22. You can't. You'd need to extract the contents from each one, merge them (contents of each ISO into its own folder or something) and then burn the entire thing. If you just want to archive the ISO's on 1 disc (as in, back them up), use build mode.
  23. I am dealing with "old stuff" here. I have multiple small iso's that were originally supposed to be burned to cd's, 630Mb. I want to burn them to a single DVD, could someone point me in the right direction please. All help appreciated.
  24. It seems there is a newer firmware released for you drive https://www.firmwarehq.com/Samsung/SH-S223C/files.html Try update the drive with the SB07 (now it's on SB04), it may help or not. Remove the disc from the drive when flashing it.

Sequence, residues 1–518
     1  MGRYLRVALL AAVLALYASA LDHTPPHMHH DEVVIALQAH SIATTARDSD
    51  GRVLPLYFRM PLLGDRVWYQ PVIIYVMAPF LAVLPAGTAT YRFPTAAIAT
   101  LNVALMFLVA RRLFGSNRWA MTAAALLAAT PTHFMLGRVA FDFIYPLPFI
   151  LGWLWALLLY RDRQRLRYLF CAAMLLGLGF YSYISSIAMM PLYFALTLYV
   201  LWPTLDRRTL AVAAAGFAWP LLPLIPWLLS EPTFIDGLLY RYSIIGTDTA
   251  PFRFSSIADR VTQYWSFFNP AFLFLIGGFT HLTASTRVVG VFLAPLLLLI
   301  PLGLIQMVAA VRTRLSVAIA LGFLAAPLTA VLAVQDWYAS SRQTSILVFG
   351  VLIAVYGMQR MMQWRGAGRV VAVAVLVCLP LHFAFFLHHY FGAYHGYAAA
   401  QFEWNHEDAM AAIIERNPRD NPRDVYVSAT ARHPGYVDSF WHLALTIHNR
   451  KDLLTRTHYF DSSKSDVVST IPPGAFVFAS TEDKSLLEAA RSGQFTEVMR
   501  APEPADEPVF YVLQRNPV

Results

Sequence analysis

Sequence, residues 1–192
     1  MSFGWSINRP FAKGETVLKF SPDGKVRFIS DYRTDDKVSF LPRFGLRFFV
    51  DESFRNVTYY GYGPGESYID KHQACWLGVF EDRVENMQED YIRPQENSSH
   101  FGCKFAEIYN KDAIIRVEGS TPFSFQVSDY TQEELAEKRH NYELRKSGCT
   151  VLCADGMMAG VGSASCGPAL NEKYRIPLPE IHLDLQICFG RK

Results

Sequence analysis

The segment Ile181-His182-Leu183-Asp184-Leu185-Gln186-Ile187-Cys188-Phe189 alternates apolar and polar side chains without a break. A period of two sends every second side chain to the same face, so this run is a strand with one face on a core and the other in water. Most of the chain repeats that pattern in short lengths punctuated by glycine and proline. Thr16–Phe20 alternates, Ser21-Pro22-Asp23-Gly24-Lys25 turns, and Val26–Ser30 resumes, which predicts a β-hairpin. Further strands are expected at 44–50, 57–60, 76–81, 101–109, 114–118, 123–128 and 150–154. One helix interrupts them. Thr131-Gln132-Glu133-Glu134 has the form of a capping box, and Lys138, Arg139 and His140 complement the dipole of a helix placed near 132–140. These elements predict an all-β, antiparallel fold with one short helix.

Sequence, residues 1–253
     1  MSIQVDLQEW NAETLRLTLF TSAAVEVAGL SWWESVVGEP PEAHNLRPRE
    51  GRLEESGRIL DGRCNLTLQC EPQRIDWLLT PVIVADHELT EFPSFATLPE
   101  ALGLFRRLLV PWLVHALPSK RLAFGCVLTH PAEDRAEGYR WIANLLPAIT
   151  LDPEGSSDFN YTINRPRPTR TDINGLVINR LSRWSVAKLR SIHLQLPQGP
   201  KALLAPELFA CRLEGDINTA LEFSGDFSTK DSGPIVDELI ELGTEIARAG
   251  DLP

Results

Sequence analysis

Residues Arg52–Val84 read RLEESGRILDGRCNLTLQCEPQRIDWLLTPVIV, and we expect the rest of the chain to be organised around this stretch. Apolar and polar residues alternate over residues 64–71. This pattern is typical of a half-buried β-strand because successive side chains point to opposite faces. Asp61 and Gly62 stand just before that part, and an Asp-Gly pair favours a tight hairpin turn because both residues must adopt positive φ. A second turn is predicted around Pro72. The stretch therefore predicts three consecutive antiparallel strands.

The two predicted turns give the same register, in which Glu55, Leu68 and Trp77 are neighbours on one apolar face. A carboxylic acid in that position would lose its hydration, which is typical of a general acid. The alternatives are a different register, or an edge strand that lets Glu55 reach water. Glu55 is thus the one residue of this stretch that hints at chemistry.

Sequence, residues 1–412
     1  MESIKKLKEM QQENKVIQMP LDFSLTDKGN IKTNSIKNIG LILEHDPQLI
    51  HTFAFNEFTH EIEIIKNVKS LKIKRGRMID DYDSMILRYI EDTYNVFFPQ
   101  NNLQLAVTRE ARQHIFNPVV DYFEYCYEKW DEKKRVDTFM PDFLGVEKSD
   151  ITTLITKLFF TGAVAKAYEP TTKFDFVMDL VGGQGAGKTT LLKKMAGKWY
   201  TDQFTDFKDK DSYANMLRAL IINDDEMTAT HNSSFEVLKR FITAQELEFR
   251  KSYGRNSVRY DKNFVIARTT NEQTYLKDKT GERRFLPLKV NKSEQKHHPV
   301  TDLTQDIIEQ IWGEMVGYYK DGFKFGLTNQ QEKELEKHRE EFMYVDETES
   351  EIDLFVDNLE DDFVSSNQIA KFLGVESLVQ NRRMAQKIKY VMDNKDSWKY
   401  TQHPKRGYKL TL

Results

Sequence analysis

25. That's probably a drive or disc issue. Try another drive. Preferably, get a USB one you can easily hook up and disconnect afterwards. TSSTCorp drives have been known to be problematic sometimes. Or the drive may simply be at a point where it's getting old. If a different drive can't read the disc, the issue is most likely the disc has gone bad. The PS2 is almost 21 years old since initial release, so it wouldn't surprise me if a disc has become unreadable, particularly if it was well played.
  26. Earlier